How Do Pay For Skilled Nursing Services?
Below is a list of all the possible payment options for a skilled nursing facility. If you would like to learn more, please click on the section title and it will direct you to a page dedicated to that payment option.
You must receive the services from a Medicare certified skilled nursing facility. You are given 100 days of Medicare Part A coverage during a benefit period. The day you start receiving hospital or skilled nursing facility benefits is considered the first day of your benefit period. The first 20 Medicare days are paid 100% by Medicare Part A. Medicare will pay for all Medicare related charges during the last 80 days of your benefit period except for the co-insurance amount.
What does it mean for your benefit period to end:
- When you have not been in a SNF or a hospital for at least 60 days in a row
- If you are still a resident of a Skilled Nursing Facility, you must go 60 days without receiving skilled care to renew your benefit period
It is also important to note that you are not limited to a certain number of benefit periods, but you will need to have another three-day hospital stay and continue to meet Medicare requirements in order to receive another 100 day Medicare benefit period.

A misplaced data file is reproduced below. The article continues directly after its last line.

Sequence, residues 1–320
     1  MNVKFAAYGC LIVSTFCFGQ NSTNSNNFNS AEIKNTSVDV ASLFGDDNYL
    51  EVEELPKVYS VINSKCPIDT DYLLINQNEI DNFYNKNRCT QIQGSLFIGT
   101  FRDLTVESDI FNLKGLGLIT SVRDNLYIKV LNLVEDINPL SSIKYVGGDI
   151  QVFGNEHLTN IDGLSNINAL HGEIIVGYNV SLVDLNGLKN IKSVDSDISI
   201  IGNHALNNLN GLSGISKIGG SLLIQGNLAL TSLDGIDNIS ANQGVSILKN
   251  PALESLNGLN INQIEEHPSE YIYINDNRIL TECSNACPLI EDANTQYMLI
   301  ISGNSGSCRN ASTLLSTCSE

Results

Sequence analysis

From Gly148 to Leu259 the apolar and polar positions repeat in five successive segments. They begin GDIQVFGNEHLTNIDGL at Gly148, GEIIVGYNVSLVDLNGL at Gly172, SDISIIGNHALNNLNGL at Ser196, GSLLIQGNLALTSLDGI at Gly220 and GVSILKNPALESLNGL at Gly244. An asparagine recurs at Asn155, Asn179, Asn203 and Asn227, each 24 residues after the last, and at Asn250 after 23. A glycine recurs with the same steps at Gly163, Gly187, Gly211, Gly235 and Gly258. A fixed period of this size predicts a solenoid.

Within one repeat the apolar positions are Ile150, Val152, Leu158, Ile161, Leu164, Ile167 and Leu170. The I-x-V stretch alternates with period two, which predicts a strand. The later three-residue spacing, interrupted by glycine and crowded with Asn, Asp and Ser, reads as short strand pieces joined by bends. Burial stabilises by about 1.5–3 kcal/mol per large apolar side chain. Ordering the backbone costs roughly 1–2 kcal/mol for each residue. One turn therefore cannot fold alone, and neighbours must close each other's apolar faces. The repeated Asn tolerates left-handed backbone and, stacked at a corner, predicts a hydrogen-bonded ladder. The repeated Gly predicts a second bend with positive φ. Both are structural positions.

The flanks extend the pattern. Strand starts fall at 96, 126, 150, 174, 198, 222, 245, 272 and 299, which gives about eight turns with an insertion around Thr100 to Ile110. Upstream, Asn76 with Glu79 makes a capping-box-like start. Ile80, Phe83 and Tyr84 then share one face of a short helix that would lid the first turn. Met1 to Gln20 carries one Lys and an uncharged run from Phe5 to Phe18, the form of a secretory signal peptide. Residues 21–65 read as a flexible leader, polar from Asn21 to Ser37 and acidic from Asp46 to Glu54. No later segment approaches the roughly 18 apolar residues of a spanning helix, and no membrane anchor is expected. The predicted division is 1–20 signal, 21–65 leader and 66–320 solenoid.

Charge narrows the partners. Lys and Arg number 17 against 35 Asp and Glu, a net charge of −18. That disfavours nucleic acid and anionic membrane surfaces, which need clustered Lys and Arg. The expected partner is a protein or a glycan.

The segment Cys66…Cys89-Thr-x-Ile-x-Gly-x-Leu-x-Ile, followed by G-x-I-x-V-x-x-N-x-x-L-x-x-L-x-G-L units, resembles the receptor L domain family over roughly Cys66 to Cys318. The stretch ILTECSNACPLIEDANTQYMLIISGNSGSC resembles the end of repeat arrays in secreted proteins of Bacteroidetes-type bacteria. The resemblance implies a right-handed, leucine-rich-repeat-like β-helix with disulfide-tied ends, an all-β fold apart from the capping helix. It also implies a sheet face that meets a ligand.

Medicaid is a State and Federal program that will pay most nursing home costs for people with limited income. Since Medicaid is a State and Federal funded program, each state offers different eligibility criteria. You will only receive the benefits of Medicaid is the skilled nursing facility that you are a resident of is certified by the government.
Most nursing home residents pay for their nursing home stay out of their own personal accounts. Once you have depleted your funds and are becoming long-term residents of a nursing facility, the majority of people are able to receive Medicaid.
This is private insurance that helps to fill in the gaps that Medicare parts: A and B do not cover such as deductibles, co-insurance, or skilled nursing facility services that extend beyond the Medicare benefit period. A Medigap plan will assist in paying skilled nursing care but only if the care is covered by Medicare.
All long term care insurance policies differ when it comes to benefits and costs. You will need to contact the NAIC (National Association of Insurance Commissioners) for more detailed information regarding the different long-term care insurance policies.